Black Rebel Motorcycle Club – “American X: The Baby 81 Sessions” (2011)

BRMCAmericanXToday I ran into a friend from high school who I hadn’t seen in a long time. I’m a vinyl junkie, and he still has every single CD he every bought, so while we’re not into the same formats, we’re both music nerds with a bit of a collecting obsession. His wife asked me who I was into right now, and the immediate answer was Black Rebel Motorcycle Club. Which is funny, because while we finally got to see them live this year down in Salt Lake City, I don’t play their stuff as often as I should. So tonight I sought to rectify that massive oversight by busting into my copy of American X: The Baby 81 Sessions.

Baby 81 is definitely my favorite BRMC album, so a few years back when they offered it on limited edition vinyl as well as the first-time vinyl release of outtakes from those sessions I was probably the one of the first to send them my money and wait anxiously by my mailbox. I was certainly impressed with it when I first listened, and for the life of me I have no idea why I’ve let it sit and get dusty other than the fact that I just keep buying more and more and more and more vinyl. Which, come to think of it, is the best possible reason.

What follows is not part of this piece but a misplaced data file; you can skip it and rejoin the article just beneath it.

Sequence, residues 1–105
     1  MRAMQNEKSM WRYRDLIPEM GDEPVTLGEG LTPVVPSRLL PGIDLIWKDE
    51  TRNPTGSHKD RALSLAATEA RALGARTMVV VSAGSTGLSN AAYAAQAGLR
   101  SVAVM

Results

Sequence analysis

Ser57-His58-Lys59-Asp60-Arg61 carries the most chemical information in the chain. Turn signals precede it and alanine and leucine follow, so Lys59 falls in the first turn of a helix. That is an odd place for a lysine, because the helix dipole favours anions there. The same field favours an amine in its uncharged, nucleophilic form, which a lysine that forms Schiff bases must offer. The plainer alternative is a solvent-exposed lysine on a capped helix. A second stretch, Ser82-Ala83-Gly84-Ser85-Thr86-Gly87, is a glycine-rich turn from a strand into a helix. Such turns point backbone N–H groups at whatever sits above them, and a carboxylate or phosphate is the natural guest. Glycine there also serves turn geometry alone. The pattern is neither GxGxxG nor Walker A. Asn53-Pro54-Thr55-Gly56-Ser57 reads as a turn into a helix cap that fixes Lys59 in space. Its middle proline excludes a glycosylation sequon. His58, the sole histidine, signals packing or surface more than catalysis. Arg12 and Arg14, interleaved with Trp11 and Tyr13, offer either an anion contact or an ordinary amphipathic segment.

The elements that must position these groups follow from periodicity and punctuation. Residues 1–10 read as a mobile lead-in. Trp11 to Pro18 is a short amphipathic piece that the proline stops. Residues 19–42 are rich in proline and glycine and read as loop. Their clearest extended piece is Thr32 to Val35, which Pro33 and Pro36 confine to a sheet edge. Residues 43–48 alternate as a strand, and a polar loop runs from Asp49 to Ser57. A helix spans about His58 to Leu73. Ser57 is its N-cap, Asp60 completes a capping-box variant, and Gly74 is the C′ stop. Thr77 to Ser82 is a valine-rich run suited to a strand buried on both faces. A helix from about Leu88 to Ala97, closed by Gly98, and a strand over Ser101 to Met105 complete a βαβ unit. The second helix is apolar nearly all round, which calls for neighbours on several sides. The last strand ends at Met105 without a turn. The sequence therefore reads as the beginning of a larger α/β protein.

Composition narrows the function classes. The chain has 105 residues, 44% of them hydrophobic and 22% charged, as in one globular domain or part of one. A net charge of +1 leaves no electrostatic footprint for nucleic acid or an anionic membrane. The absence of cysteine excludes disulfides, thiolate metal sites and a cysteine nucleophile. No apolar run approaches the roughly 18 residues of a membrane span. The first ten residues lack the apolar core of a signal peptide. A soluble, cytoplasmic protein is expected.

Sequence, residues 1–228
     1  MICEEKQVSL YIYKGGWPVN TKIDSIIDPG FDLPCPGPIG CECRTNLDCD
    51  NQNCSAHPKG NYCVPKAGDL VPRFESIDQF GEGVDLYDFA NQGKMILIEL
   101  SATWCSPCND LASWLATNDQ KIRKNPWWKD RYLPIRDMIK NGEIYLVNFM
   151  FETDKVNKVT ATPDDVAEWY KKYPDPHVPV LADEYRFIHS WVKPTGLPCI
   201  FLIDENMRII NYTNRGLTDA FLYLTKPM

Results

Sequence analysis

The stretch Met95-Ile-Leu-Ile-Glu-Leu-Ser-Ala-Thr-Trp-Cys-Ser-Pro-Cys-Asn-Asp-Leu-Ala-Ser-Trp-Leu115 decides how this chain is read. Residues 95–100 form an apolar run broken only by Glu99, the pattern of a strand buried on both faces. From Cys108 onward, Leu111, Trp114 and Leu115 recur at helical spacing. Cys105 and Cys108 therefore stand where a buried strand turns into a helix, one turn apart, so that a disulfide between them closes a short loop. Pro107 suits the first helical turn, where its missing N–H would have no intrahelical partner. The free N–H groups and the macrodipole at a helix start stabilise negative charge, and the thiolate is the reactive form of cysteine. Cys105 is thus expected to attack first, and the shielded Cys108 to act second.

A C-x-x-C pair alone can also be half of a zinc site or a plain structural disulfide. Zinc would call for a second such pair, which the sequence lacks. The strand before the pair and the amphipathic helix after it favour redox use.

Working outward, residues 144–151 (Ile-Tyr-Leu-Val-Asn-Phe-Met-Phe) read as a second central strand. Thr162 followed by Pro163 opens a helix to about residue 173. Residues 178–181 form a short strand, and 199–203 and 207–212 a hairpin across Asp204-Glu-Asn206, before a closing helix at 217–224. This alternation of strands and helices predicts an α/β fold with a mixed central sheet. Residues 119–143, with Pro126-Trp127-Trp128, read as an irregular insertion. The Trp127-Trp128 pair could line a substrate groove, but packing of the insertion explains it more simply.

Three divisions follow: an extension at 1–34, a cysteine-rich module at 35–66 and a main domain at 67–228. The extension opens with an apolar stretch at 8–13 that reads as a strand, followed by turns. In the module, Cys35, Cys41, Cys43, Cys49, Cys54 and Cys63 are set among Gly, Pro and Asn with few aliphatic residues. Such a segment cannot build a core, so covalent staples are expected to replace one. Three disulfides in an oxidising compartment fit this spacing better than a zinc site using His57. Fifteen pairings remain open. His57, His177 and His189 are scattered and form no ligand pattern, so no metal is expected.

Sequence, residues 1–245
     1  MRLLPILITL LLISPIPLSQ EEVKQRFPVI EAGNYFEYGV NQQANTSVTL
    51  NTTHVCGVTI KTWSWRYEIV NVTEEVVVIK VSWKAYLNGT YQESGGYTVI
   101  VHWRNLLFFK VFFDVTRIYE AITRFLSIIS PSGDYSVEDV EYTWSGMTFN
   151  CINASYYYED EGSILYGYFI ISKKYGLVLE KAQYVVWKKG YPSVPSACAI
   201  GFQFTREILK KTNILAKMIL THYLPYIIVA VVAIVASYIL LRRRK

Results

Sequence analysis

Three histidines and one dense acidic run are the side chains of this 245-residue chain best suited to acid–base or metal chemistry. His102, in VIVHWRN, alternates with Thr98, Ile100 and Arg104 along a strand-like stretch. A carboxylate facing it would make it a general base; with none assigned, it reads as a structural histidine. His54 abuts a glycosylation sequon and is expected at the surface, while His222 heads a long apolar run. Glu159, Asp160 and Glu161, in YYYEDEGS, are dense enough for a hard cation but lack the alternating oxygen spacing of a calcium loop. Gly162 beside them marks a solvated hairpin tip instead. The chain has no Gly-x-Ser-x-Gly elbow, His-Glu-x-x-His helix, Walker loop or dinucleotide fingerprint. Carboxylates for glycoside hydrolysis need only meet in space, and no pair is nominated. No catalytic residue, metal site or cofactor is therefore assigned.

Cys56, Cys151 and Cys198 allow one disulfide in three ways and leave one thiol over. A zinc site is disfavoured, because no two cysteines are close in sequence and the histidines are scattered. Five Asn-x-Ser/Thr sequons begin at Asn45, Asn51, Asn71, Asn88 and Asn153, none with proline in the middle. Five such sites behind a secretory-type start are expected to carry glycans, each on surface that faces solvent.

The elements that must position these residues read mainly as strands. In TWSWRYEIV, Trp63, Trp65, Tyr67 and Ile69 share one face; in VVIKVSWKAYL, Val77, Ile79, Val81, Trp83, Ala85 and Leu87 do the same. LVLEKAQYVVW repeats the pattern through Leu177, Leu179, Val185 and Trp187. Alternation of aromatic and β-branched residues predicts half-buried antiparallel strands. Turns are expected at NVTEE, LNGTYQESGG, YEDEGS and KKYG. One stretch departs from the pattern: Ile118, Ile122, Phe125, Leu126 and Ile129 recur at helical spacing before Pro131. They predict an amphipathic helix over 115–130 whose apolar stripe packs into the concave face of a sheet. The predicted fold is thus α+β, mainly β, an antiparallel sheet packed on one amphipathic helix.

To my ears the material on American X is more sludgy than the songs that made the final cut for Baby 81. Slower, heavier, denser. Much more reminiscent of the songs that comprised the follow up album that came out four years later, Beat the Devil’s Tattoo. Musically the songs are rich and full, sinking into every nook and cranny of available time, like syrup poured over a waffle, settling into each little square. The thickness isn’t limited to the music, either – vocally it’s dark and follows the music, the sound of the voices flowing like instruments of their own.